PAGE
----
Postcondition:
     www.example.com   A    192.0.2.1
     www.example.com   A    192.0.2.3

4.4.  Add a new SRV record

   This example shows how to append a record to a list of existing
   records.

   Precondition:
     _sip._tcp.example.com   SRV 10 1 5060 sip1.example.com
     _sip._tcp.example.com   SRV 10 1 5060 sip2.example.com

   Requests:
     https://dns.example.org/dns/update?user=me%40example.net
            &password=6E6F&domain=_sip._tcp.example.com
            &match=&type=SRV&rdata=10%201%205060%20sip3.example.com

   Postcondition:
     _sip._tcp.example.com   SRV 10 1 5060 sip1.example.com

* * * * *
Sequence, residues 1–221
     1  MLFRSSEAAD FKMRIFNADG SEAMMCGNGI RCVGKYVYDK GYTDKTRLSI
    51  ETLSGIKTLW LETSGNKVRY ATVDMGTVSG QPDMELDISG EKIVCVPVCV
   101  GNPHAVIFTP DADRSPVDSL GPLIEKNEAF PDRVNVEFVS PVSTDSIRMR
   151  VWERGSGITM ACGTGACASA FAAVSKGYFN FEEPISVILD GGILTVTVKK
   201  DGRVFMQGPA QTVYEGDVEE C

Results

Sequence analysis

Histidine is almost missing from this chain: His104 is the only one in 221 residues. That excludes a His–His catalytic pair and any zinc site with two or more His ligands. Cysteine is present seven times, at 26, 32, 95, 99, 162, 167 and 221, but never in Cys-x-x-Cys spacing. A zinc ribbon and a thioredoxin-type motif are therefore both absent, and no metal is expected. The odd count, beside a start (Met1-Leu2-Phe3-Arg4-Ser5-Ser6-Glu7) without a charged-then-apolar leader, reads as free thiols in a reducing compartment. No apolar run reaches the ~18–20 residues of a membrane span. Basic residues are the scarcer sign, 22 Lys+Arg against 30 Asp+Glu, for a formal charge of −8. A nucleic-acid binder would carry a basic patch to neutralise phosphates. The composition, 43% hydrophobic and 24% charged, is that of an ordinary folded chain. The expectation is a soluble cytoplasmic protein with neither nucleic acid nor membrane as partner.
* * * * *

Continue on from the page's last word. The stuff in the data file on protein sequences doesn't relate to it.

_sip._tcp.example.com   SRV 10 1 5060 sip2.example.com



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     _sip._tcp.example.com   SRV 10 1 5060 sip3.example.com

4.5.  Update an existing SRV record

   This example is similar to the previous one, in that an entry is
   being changed.

   Precondition:
     _sip._tcp.example.com   SRV 10 1 5060 sip1.example.com
     _sip._tcp.example.com   SRV 10 1 5060 sip2.example.com
     _sip._tcp.example.com   SRV 10 1 5060 sip3.example.com

   Requests:
     https://dns.example.org/dns/update?user=me%40example.net
           &password=6E6F&domain=_sip._tcp.example.com&type=SRV
           &match=10%201%205060%20sip2.example.com
           &rdata=10%201%205060%20sip22.example.com

   Postcondition:
     _sip._tcp.example.com   SRV 10 1 5060 sip1.example.com
     _sip._tcp.example.com   SRV 10 1 5060 sip22.example.com
     _sip._tcp.example.com   SRV 10 1 5060 sip3.example.com


5.  WADL Descriptioin